Tuesday, November 26, 2013

Culture of Hope and Conquest: Cherry Mobile Extends Help to 12, 500 Families Devastated by Super Typhoon Yolanda

Nothing compares to the joy of witnessing survivors who got a spark of hope in their eyes especially those on the brink of giving up. This is what employee volunteers from Cherry Mobile experienced when they flew to different locations in the Visayas region to reach out to more than 12,000 families affected by the typhoon Yolanda. While the majority are focused on helping the victims in Tacloban, the relief operation team composed of employee volunteers from Cherry Mobile went to northern parts of Iloilo, Roxas City, Cadiz, Negros Occidental, Bantayan Island, Cebu, and Ormoc to give relief packs to communities that are not highlighted in the news but also suffered greatly from the typhoon.

A lot of preparations were made, and one sure thing out of the list is wasted time. As soon as the news was heard on air, the Corporate Social Responsibility (CSR) team of Cherry Mobile coordinated with the dealers and partner organizations in locations where the typhoon struck a lot of families. The relief team was divided into six groups to personally hand out help to the communities. These communities were totally devastated. People suffered from hunger and extreme heat at daytime due to absence of trees which were destroyed by the super typhoon. People chilled at night, suffering from torn houses, washed out farms and crop fields, fallen electricity posts, and lost loved ones.

The captivating island of Bantayan (Cebu) after the typhoon Yolanda struck the land

Areas in Bantayan, Cebu, and some municipalities in Iloilo suffer loss of electricity for weeks due to fallen electricity posts.

The typhoon withered crop fields and farms, leaving the communities profitless and foodless.

Employee volunteers, the staff of Cherry Mobile dealers, people from partner organizations, students from colleges and universities, and representatives from the local government units worked together in repacking the purchased goods, securing the logistics, and in distributing the goods personally. The whole process of planning and executing the relief operation was toilsome and it indeed took a great deal of time, strength, and resources from the volunteers. The cooperation of each involved party, however, made the burden less difficult to carry.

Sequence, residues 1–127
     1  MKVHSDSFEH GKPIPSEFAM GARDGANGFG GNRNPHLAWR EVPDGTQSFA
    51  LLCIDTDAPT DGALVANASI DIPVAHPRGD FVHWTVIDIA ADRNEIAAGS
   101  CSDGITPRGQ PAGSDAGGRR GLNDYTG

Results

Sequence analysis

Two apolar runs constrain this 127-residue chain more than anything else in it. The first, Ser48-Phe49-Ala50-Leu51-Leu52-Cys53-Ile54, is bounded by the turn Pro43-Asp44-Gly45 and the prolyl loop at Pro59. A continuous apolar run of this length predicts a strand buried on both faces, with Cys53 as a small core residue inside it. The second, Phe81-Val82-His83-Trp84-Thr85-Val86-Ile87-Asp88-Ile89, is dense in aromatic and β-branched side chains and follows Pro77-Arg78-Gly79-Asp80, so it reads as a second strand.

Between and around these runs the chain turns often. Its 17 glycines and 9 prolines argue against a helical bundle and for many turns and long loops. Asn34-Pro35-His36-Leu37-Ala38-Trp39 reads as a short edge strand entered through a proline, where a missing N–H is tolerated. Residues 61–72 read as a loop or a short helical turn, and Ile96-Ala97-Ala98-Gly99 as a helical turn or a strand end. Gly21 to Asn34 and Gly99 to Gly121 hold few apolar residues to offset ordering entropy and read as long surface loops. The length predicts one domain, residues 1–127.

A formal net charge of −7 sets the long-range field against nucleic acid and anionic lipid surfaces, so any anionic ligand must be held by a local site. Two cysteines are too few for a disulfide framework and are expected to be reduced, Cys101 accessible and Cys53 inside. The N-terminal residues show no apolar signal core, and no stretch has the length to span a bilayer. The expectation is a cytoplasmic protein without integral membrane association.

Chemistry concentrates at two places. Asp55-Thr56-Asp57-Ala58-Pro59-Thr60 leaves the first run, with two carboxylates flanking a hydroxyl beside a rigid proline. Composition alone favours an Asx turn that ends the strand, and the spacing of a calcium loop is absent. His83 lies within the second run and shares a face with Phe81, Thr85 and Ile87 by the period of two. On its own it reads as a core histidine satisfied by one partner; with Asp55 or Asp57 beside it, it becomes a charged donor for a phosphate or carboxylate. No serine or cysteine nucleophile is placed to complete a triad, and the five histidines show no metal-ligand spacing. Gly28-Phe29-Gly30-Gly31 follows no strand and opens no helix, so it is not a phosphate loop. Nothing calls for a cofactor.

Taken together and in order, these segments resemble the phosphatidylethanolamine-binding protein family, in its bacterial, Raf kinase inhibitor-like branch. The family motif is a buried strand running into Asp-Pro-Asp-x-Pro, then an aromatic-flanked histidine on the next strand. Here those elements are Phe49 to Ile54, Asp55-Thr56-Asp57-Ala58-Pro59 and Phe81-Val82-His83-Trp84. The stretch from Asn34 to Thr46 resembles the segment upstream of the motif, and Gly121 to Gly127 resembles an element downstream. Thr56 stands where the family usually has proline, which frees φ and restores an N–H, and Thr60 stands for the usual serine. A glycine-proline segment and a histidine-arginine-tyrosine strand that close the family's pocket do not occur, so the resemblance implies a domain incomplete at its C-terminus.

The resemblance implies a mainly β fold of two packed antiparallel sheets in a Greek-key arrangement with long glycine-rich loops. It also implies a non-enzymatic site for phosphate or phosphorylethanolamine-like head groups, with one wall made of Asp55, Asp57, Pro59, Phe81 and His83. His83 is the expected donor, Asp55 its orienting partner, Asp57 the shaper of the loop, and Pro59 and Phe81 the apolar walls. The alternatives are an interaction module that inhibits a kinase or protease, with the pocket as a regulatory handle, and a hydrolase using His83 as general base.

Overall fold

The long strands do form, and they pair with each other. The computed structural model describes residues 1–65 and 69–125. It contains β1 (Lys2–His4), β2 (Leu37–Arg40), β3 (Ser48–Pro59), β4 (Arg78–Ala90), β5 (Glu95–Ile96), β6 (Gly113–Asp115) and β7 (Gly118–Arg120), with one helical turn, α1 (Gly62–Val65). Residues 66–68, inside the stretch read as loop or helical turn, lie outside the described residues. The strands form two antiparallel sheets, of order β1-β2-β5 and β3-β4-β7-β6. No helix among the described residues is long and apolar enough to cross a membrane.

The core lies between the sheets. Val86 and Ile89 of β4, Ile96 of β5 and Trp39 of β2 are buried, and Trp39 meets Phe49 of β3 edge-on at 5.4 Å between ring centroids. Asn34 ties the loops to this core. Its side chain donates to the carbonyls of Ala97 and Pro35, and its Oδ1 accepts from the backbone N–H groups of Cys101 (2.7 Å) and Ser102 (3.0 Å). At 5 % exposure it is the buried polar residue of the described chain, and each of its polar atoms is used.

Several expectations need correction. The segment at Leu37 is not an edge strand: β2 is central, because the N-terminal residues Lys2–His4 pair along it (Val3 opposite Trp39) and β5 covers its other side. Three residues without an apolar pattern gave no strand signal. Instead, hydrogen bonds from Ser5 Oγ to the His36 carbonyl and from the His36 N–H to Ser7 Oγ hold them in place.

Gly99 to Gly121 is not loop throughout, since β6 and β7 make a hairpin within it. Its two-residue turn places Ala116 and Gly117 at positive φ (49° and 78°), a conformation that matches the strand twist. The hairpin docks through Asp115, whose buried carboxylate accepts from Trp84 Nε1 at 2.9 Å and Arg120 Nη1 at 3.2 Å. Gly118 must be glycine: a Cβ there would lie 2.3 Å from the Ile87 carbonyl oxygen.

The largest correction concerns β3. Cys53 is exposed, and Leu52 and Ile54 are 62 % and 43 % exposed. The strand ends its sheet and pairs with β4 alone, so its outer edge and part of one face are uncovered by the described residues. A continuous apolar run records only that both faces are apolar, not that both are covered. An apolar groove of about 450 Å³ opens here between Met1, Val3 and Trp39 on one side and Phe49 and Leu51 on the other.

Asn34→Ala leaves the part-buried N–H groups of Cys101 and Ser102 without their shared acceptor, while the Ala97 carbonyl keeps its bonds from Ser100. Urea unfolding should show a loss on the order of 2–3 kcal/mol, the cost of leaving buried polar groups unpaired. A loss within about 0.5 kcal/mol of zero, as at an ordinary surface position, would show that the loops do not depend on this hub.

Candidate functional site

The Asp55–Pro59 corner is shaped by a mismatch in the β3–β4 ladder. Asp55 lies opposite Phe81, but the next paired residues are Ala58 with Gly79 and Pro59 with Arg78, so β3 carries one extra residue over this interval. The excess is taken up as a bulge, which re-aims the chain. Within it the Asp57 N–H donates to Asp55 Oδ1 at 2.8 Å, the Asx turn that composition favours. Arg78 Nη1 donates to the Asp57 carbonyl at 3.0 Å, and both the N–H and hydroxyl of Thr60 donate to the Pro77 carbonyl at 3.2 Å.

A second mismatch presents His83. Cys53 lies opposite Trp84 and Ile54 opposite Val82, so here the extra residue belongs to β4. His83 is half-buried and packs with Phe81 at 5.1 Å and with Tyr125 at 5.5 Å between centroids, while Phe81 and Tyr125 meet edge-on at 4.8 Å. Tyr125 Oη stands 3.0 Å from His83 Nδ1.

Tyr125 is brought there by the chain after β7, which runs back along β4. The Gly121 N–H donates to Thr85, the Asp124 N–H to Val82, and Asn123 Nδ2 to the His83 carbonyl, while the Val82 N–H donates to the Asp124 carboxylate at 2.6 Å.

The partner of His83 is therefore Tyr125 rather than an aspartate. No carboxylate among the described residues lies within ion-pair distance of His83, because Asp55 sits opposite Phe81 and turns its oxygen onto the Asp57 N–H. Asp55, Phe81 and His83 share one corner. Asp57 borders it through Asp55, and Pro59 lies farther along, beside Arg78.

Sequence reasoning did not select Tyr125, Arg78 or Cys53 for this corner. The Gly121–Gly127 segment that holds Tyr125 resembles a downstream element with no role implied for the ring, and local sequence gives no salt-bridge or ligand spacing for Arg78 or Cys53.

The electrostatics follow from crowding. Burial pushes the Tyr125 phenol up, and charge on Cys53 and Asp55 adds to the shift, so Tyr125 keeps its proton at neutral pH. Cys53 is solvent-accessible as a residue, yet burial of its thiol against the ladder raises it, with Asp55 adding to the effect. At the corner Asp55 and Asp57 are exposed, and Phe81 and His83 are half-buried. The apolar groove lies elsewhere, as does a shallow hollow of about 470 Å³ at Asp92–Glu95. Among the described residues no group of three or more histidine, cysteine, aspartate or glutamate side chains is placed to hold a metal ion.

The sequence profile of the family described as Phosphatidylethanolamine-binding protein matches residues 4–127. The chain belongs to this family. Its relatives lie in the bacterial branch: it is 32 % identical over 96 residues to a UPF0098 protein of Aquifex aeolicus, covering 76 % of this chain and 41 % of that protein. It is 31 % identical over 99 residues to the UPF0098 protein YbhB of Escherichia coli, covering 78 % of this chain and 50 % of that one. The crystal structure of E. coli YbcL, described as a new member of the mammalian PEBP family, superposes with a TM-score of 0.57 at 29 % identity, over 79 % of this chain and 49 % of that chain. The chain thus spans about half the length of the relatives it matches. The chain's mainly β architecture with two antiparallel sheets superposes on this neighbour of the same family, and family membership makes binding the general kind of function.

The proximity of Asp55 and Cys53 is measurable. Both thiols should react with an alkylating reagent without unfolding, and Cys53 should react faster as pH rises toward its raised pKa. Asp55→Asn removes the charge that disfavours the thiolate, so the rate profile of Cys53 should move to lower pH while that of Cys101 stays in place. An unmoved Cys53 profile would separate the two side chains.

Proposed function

Employees from Aerophone in Cebu gladly helped repack the goods in their office after work hours.

Volunteers from Galleon Trading helped produce 2,086 relief packs for the affected municipalities in Cadiz, Negros Occidental.

Pharmacy students from the University of San Carlos stayed late at night to prepare the relief packs for residents of Bantayan Island.

Regional Emergency Assistance Communications Team (REACT) Philippines – Metro Cebu Group played a big part in distributing the goods in Bantayan Island.

The Negros team worked even up to midnight to ensure that relief goods would reach the right beneficiaries

In this photo taken by a student volunteer from Colegio de la Purisima Concepcion, the volunteers had to lift up the wires of a fallen electricity post to be able to get through to the relief distribution venue.
Students and faculty members from Colegio de la Purisima Concepcion volunteered their time and strength to help distribute goods to three barangays in Roxas.

Despite all the stress, hunger pangs, sleepless nights and sickness (before, during and after the relief operation) experienced by the volunteers, all hardships were gone when the volunteers saw the smiles of the beneficiaries. They were willing to wait in long lines at very early in the morning or in the heat of the midday sun just to receive one share of relief goods. They were so grateful for what simple help they got from Cherry Mobile. The regained hope evident in their eyes proved that the relief operation, hard as it was, is not in vain. It helped them rekindled their shattered hopes and started to mend their broken spirits.

Bantayan residents waited along the roads in hopes that a relief truck would pass by, and got an answered prayer.

Kids get their share of food packs when the relief team distributed goods in Bacolod.

It is amazing how calamity brings people together. The local communities gladly received people from other places who came to help, and the relief operation team gladly held out their hands to assist—not as an effort on their own, but as a collective action of different groups uniting for the purpose of uplifting those struck down by disaster.

There were lots of challenges; as they say, there is no such thing as a perfect disaster relief operation. One could only wish that natural disasters would never again occur in our country. But one certain thing is that no matter what challenge may come, the strongest people—the Filipinos—will live to overcome it. This is the kind of lifestyle Cherry Mobile seeks to uphold and value: a lifestyle of hope and conquest.

Written by Keren Grace Tandico

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